Something for the Weekend – Resistance to Support

3 mins. to read
Something for the Weekend – Resistance to Support

You know when something happens and then later you think of something you wish you’d said at the time? Well, sometimes it happens that you do think of the right thing at the right moment. I was talking with some friends and one of them had seen an article about some contraption that men can wear to breast feed their babies. It’s like a pair of boobs they strap on with milk inside. “And this is commercially available?” I asked. “Oh yes”, they replied. “So I suppose it’s called ‘I can’t believe it’s not mutter’”, I quipped.

It reminded me of the time at school when I’d arrived back from lunch late (I lived very close to the school) wearing cowboy boots and the head of the English department, apparently unconcerned that I was clearly late, chuckled to himself and said “where’s your horse?” “Traded it for a kingdom, sir”, replied the 15-year-old me. Probably my finest hour that. All downhill since, except that was and will be the last time I ever called someone ‘sir’.

So, support and resistance. Breakouts I’ve talked about before being a bit ‘amateur hour’ as a trading strategy in my Breakouts Are for Dummies article from last August. Support and Resistance are easy to see and, for those who don’t have the risk appetite for early entry before the breakout, are useful in order to enter at a good price and safely after the breakout, but not during the main rush when fills are poor and you’ll likely be chasing a price (something you should basically never do).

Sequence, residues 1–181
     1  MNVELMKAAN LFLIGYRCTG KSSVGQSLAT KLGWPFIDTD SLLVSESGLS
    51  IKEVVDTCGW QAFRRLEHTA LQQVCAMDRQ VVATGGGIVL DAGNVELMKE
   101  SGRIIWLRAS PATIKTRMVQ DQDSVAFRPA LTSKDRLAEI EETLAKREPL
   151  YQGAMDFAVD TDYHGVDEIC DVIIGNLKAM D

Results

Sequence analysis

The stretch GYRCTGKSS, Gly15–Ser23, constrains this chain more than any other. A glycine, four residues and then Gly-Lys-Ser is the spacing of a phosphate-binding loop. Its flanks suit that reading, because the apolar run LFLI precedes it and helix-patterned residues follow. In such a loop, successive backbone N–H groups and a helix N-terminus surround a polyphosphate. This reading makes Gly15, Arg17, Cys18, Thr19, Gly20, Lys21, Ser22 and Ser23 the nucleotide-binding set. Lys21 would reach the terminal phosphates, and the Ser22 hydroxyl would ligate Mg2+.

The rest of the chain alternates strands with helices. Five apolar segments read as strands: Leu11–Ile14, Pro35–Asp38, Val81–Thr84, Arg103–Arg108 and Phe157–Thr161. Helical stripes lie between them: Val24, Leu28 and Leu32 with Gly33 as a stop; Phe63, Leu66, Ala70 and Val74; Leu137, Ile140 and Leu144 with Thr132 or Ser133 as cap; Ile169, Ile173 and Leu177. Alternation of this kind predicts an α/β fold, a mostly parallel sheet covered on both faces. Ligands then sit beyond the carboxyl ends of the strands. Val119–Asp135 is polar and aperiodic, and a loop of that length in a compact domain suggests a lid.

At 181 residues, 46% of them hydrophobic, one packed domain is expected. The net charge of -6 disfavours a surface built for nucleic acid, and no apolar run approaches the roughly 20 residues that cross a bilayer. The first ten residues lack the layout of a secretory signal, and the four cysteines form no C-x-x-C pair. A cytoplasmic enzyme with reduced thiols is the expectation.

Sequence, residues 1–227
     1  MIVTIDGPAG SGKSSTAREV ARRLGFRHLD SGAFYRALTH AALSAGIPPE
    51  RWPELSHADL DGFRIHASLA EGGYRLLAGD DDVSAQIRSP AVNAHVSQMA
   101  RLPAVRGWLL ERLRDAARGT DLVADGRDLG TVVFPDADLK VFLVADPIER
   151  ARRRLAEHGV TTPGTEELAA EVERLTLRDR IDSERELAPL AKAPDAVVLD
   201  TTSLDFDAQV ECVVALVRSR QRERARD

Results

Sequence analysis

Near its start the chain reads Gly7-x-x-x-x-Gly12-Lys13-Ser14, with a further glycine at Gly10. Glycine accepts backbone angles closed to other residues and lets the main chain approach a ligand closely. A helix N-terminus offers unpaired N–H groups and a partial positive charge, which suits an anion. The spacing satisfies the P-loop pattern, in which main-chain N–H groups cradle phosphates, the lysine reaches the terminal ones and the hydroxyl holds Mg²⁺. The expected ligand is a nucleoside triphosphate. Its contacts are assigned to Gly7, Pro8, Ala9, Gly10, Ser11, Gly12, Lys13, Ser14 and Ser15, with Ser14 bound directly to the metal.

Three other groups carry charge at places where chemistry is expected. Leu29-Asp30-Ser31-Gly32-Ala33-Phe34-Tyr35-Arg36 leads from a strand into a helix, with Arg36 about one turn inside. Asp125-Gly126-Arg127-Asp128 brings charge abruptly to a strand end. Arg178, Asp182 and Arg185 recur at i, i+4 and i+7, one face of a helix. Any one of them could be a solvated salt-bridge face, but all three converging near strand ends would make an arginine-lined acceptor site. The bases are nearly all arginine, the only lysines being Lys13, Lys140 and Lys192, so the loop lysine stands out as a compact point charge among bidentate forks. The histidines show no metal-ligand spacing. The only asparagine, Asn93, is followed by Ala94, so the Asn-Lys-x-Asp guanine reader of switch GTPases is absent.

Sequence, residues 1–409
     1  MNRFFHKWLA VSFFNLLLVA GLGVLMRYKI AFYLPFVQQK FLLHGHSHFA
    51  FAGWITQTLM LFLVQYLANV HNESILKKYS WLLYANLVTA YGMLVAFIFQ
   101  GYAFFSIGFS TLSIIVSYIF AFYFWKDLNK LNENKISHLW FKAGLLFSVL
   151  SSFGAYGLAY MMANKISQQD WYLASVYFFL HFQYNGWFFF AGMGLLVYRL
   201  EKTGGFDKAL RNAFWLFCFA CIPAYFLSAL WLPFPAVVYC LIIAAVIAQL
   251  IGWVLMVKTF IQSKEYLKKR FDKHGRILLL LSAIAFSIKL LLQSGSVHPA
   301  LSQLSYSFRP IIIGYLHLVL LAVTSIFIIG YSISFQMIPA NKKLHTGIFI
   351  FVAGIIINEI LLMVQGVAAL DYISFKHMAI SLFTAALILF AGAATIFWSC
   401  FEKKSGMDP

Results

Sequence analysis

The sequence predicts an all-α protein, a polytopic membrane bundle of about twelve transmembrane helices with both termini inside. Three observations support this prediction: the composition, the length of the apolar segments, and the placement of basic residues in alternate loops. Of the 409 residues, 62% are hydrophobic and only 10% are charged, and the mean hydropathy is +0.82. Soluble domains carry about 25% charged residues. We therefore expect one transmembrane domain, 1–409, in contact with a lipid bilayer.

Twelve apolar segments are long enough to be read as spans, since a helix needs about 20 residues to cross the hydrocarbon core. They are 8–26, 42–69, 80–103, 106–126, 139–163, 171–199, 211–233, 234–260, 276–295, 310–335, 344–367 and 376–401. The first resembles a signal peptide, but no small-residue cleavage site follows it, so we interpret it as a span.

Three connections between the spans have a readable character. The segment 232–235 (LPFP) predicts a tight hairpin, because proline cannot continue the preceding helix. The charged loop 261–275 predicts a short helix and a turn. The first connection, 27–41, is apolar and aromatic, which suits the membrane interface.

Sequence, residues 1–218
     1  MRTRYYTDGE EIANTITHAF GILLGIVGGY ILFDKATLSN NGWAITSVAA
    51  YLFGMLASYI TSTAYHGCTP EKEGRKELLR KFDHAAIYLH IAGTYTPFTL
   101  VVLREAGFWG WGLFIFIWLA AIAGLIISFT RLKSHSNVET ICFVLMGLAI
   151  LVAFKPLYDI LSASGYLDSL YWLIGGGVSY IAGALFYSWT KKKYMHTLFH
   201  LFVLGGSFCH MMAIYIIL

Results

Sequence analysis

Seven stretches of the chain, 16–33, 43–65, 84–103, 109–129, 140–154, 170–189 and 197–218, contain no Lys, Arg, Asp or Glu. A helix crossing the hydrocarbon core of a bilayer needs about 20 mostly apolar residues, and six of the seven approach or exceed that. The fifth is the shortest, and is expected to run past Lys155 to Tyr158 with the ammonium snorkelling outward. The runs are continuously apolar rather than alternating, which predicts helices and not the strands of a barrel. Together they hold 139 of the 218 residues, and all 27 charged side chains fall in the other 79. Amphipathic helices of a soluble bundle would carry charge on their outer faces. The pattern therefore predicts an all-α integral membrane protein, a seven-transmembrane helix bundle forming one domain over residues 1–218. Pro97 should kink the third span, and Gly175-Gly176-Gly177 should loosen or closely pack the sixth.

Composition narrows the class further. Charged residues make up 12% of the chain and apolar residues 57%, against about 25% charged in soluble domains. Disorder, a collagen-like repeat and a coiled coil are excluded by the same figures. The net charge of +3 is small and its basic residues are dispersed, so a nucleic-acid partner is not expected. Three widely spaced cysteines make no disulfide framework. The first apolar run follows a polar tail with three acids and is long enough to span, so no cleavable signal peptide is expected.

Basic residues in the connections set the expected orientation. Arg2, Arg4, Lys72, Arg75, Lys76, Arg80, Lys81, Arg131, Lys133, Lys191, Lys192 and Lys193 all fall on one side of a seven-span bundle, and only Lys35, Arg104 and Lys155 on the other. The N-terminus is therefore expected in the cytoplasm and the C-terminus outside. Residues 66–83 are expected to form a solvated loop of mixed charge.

Let’s think about the psychology of the people in the market as the breakout happens. Obviously we’re moving up through resistance or it wouldn’t be a breakout.

Here’s an example. I’ve used Greggs, but because the psychology of these moves will remain constant it could be an example from yesterday or even 100 years ago. A significant resistance level develops over time. This one started in 2011 (A) and broke up in 2014. It made an attempt to break though in 2012 (B), then again in 2014 (failed breakout), failing just above the level. Finally it breaks upwards in September 2014 (Breakout). An early entry with low risk for me would have been at the beginning of ’14 (C) and to be fair that was probably too early in this case. So for those really risk averse after it gaps up to breakout it’s the pullback (R > S) that offers the late entry well below the high of the initial breakout. It went to 6.50 and you could have been comfortably in a few weeks later at under 6. The price then rallies up offering over 200% in less than a year.

GRG 160506 w r-s example

The psychology here is that if people are worried that a price is going to trade off again they will sell when the resistance level is reached. Which is what happened the first few times. The move up at (C) is very bullish as it’s getting back to a level where people will want to hold in the hope that it reaches the 5.5 resistance level again. They might sell there and the failed breakout is there because that’s exactly what some did. Having shaken out these people the price then gaps up, which is probably why people didn’t sell into that breakout. At 6.50 though some are thinking “this is a nice profit and I’m out”. As some start profit-taking the buyers wait to see if they can buy cheaper. Pullback and people who missed the breakout are once again tempted by the chance to buy at 5.50, along with ones who missed getting in in the rush. They do and at the then ATH of 6.50 the price gaps up a little again. This is very bullish too. It encourages people to hold onto the stock and the rally then goes on to 13.50.

So that’s how you trade a breakout on a pullback as resistance becomes support because no one much wishes to sell at that price any longer.

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